My Manekineko is Broken!!

今日、12歳の招き猫が壊れて(亡くなって?)しまいした。

子供たちと保育園に向かおうとしたら、長男が落とされ、どうしようもできなく映画みたいにスローで死を見てしまった。

しょうがない!12年間の長い人生でした。

Who said cats always land on their feet? This one landed on its side. 

This morning, when I was taking my kids to nursery, my son pointed and commented about the Manekineko we have in our front hall. He accidentally brushed against it and I watched in slow motion as it fell off its cushion and down onto the floor below—smashing into pieces! 

I received the cat from a teacher colleague in Iwate whose children I had been teaching English to for a bit of extra cash. He and his family gave it to me when I left Iwate to take a consulting job in Tokyo in 2004.

My poor little boy was so sad when he knocked it over. I gave him a big hug and said “Not to worry!” It was a nice gift and lasted a long time. They say cats have nine lives, and 12 years for a precariously positioned porcelain cat is a long life.

Long time no see!

It has been nearly six months since my family and I left Tokyo. 

Last time I wrote a proper post on this blog that wasn’t a short running report was on November 1st – a few days after the birth of my third child. 

Some time during my paternity leave, I realized that my heart wasn’t really in my job. I enjoyed the content of the work and the people around me who I worked with daily were great. But I simply wasn’t looking forward to going back to the politics of dealing with HQ, or the fact that marketing is actually not important enough to government for real money to be spent on it. I was always having to go outside and beg companies to “contribute” to our partner marketing. It was always a tough sell for big multinationals to support our campaigns. True to the theme of this blog, I had allowed myself to suffer and to get into a negative mindset.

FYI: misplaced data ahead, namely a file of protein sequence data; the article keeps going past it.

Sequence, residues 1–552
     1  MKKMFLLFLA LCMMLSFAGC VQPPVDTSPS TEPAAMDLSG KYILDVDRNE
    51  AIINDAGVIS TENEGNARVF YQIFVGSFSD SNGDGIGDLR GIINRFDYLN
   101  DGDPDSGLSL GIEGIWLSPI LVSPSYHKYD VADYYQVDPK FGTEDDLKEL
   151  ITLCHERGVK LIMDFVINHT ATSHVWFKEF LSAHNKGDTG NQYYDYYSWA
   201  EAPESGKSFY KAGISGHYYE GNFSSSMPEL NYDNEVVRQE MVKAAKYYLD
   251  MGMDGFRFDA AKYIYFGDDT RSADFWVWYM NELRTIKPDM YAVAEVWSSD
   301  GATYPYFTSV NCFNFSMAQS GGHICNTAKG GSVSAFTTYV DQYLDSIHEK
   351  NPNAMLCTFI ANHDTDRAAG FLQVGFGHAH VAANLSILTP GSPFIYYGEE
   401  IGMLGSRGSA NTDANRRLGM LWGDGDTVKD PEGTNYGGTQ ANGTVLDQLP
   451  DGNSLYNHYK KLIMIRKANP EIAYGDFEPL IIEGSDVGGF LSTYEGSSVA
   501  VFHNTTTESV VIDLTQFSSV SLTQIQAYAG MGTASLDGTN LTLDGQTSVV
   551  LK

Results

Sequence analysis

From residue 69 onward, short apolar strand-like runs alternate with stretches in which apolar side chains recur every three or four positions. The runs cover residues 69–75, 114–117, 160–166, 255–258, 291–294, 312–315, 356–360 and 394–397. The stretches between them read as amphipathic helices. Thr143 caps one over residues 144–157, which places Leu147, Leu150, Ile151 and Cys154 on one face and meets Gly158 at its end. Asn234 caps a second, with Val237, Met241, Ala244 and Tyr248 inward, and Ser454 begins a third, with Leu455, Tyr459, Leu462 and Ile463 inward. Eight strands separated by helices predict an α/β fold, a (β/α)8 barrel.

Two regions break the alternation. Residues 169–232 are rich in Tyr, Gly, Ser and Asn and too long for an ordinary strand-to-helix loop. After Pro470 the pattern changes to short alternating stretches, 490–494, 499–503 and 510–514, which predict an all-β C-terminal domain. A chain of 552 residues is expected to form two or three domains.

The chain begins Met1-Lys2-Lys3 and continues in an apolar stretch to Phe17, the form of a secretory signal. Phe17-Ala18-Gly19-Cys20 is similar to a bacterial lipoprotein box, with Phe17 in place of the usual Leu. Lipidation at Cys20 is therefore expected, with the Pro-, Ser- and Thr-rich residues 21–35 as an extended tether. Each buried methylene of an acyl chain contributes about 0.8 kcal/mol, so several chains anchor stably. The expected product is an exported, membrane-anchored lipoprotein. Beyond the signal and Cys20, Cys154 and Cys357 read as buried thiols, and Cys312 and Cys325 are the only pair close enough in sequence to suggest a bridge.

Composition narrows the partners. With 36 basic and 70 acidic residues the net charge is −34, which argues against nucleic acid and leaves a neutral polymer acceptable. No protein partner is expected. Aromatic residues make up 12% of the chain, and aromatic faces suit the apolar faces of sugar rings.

My wife and I had been talking about retiring early for years and taking our kids to live in an environment much nicer for raising kids than Tokyo, where we had to share the local park with smokers and sometimes the odd homeless, aimless old man. We had even bought a place in the countryside ready to fix up during the holidays over the coming years. 

But during my leave, we realized that pretty soon – with a third child – we were going to have to move at some point soon to a bigger house. Our rent was already nearly 140,000 yen a month. In the end, after lots of long, late-night talks my wife and I came to the conclusion that there was nothing tying us any longer to Tokyo.

So we decided to take the plunge sooner rather than later, and move to the house we had already bought in the country.

It was scary to take the leap. And I haven’t retired just yet! But six months later and we have no regrets.